Battlefield orthopaedic injuries cause the majority of long-term disabilities

Jessica D. Cross, James R. Ficke, Joseph R. Hsu, Brendan D. Masini, Joseph C. Wenke

Research output: Contribution to journalArticle

Abstract

Extremity injuries make up 54% of combat wounds sustained in Operation Iraqi Freedom and Operation Enduring Freedom. In a cohort of war-wounded service members, we identified the conditions secondary to battle injury that result in disqualification from continued service. The Army Physical Evaluation Board records of 464 wounded service members who were injured between October 2001 and January 2005 were reviewed to determine the codes indicating unfitting conditions. Sixty-nine percent of these conditions were orthopaedic. Fifty-seven percent of the injured had unfitting conditions that were orthopaedic only. Of those evacuated from theater with a primary diagnosis of injury to the head, thorax, or abdomen and who suffered an orthopaedic injury as well, 76% had an orthopaedic diagnosis as the primary unfitting condition. Orthopaedic-related disability has a significant impact on the affected patient, the health care system, and, in the case of wounded service members, on military strength and readiness.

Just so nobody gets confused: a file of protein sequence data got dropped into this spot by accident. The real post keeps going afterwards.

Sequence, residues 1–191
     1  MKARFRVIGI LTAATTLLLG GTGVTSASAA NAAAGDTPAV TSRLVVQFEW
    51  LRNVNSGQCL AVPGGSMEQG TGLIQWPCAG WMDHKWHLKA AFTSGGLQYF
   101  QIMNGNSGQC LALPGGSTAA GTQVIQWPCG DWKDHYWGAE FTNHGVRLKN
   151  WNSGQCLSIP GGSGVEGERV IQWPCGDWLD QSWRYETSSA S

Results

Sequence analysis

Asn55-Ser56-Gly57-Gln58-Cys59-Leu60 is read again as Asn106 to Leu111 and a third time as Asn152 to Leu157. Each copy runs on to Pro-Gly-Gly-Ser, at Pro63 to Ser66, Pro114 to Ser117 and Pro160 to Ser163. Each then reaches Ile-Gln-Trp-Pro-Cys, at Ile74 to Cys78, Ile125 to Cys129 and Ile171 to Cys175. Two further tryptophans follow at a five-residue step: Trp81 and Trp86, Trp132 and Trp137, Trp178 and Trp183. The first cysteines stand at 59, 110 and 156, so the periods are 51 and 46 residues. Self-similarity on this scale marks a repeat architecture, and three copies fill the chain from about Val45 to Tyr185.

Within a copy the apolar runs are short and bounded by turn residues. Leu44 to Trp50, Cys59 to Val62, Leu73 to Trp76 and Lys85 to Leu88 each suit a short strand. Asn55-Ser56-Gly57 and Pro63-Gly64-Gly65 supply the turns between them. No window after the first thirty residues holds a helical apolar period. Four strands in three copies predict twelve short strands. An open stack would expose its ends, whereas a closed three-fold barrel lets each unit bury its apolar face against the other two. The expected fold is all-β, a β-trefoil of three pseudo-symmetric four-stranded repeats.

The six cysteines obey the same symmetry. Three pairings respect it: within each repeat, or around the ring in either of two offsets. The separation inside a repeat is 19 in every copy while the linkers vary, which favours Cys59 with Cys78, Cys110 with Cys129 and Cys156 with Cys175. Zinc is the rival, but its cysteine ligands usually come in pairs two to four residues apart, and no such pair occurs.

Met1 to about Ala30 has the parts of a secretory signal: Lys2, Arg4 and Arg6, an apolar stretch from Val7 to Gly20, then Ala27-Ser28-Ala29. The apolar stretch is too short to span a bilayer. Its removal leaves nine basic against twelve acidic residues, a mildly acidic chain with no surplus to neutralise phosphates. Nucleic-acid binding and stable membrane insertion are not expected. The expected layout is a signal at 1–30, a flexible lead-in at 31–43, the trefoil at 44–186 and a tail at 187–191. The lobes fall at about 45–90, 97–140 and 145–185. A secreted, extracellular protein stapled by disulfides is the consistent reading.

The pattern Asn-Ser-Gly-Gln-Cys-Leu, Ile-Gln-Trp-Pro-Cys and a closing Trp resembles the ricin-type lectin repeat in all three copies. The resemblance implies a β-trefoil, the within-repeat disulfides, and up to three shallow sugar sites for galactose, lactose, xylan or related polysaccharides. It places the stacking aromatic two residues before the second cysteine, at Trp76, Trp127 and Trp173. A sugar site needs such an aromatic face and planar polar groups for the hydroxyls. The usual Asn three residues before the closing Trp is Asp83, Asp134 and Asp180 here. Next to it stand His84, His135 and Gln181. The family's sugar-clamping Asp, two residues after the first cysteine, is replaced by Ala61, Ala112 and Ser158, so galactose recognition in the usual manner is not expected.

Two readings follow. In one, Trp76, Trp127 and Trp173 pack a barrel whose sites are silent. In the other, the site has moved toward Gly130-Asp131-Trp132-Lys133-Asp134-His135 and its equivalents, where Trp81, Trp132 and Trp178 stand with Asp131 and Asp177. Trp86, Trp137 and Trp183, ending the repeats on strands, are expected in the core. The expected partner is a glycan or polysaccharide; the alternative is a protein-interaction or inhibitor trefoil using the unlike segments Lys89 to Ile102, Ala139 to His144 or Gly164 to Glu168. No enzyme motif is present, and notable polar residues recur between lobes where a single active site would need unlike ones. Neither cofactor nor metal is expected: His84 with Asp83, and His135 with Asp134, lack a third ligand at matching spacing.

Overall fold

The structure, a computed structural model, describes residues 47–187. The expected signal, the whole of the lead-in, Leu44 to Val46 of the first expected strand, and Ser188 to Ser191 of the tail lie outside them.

Original languageEnglish (US)
Pages (from-to)S1-S7
JournalJournal of the American Academy of Orthopaedic Surgeons
Volume19
Issue numberSUPPL.1
DOIs
StatePublished - 2011
Externally publishedYes

ASJC Scopus subject areas

  • Surgery
  • Orthopedics and Sports Medicine

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